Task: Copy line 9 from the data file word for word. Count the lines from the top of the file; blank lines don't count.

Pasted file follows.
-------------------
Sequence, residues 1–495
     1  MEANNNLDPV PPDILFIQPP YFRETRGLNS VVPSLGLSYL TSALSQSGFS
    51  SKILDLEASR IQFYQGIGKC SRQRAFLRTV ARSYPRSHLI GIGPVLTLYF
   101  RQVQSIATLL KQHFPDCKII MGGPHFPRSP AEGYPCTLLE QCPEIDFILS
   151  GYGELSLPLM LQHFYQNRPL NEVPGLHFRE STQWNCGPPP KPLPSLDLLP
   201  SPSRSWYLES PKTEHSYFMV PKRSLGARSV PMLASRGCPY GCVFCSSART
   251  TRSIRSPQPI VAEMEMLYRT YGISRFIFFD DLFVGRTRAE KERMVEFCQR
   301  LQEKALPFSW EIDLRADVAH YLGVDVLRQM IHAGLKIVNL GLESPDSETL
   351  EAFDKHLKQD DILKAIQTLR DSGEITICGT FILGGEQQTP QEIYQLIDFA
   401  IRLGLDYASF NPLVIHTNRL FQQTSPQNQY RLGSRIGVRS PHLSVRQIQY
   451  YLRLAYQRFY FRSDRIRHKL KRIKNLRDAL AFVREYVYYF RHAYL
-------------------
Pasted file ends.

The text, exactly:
   351  EAFDKHLKQD DILKAIQTLR DSGEITICGT FILGGEQQTP QEIYQLIDFA